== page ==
different anarchist tendencies: anarchist-communists argue for building class power through worker and community assemblies; green anarchists denounce workerism and industrial capitalism and argue for sustainability.

The anarchist movement (and the radical left) needs to reprioritize theorizing and strategizing. This is a point that INCITE!, among others, have made. They also emphasize the resources that the Right has put into their theorizing, and they assert that this has played and important role in the right wing resurgence of the last 30 years . To be clear, this theorizing needs to be tightly connected to movement practices, should be informed by them, and should inform them.

I believe that the politics that are delineated by the combination of anti-capitalism, anti-imperialism and anti-oppression are a good starting place for the anarchist movement. I would also argue that an essential
part of anti-oppressive practice is a commitment to anti-authoritarianism. The first three principles are all part of the politics outlined by the journal Upping the Anti in their first editorial. In that editorial they also flag the fact that this starting place is purely oppositional, and the need for the radical left to find “conceptual and practical
alternatives to the system [and] strategies for getting there. ”

In addition to this we need to be clear about what we mean when we use the terms anti-capitalism, anti-imperialism and anti-oppression. Like the phrase “diversity of tactics” any and all of these terms can become devoid of meaning if we are simply repeating them. All three of these politics, as well as the connections and contradictions between them, need to be clarified.

One of the reasons that the theoretical framework of anti-capitalism, anti-imperialism and anti-oppression seems useful to me is the possibility this framework has for building common ground on the radical left in
Canada. In his excellent article , Joel Olson states that the anarchist movement needs to move beyond Infoshops and Insurrection to movement building, and
to prioritize struggles against certain forms of oppression as more relevant or strategic than others. Regrettably, he doesn’t define the exactly what is involved in movement building.

It seems to me that we want, at the least, to be part of an anarchist movement, as well as of autonomous social movements, that address the triple oppressions of race, class and gender. Building this kind of movement means that anarchists need to focus on issues that address these oppressions, such as, for example, organizing against anti-police violence and the prison-industrial complex.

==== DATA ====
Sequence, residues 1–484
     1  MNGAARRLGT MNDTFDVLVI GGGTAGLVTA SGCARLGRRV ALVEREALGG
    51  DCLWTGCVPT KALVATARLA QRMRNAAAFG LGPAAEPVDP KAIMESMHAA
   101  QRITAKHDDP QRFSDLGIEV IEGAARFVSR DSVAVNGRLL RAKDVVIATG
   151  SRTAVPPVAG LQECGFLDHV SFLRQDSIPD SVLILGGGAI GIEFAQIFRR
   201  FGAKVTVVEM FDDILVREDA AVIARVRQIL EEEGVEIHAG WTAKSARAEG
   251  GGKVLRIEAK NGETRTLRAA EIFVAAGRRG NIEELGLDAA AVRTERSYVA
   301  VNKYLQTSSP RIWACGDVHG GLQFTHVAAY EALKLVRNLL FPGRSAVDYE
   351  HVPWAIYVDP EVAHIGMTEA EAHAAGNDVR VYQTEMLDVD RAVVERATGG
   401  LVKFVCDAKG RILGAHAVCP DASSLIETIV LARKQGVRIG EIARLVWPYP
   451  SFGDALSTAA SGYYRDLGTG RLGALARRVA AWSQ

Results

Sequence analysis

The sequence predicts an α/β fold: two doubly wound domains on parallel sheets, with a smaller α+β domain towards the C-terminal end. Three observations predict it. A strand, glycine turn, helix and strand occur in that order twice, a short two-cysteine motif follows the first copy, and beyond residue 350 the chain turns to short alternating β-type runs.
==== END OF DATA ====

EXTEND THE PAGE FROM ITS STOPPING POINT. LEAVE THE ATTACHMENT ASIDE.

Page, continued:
Focusing on these three oppressions would involve updating anarchist theory and practice to take into account the most vibrant movement of the past 5 decades: anti-racist and anti-colonial movements, the feminist, anti-nuclear, queer and environmental movements. The anarchist movement needs to take this into account. The classical anarchist tradition with its relatively exclusive focus on class does not adequately address the issues of these movements and the theory and practice that has come out of them.

Finally, on the subject of insurrection, mass anarchism and revolutionary violence, it is mistake to separate building a mass movement with building a movement that also engages in militant direct action and has the
capacity to engage in revolutionary violence. That is to say, a mass anarchist movement, if it is to be more than rhetorically revolutionary will need to be capable of defending itself from state and corporate repression, and will need the capacity to engage in offensive strikes
against state and corporate power. Numbers will not be enough, and we can’t rely exclusively on the General Strike, as important as mass strikes will be in any confrontations with Canadian capitalism and the Canadian
state.

The long history of the Canadian state using violence, up to and including murder, to break strikes in the 19th and early 20th centuries provides a clear example of what the state will do when revolutionary unions and workers threaten the status quo. Similarly, US state repression of the Black Panther Party and the American Indian Movement provides a more recent example of the lengths to which the state will go to protect itself
from threats, as well as offering up another revolutionary model than revolutionary unionism. In both cases revolutionary movements at the time were required to defend themselves, and, for different reasons, they were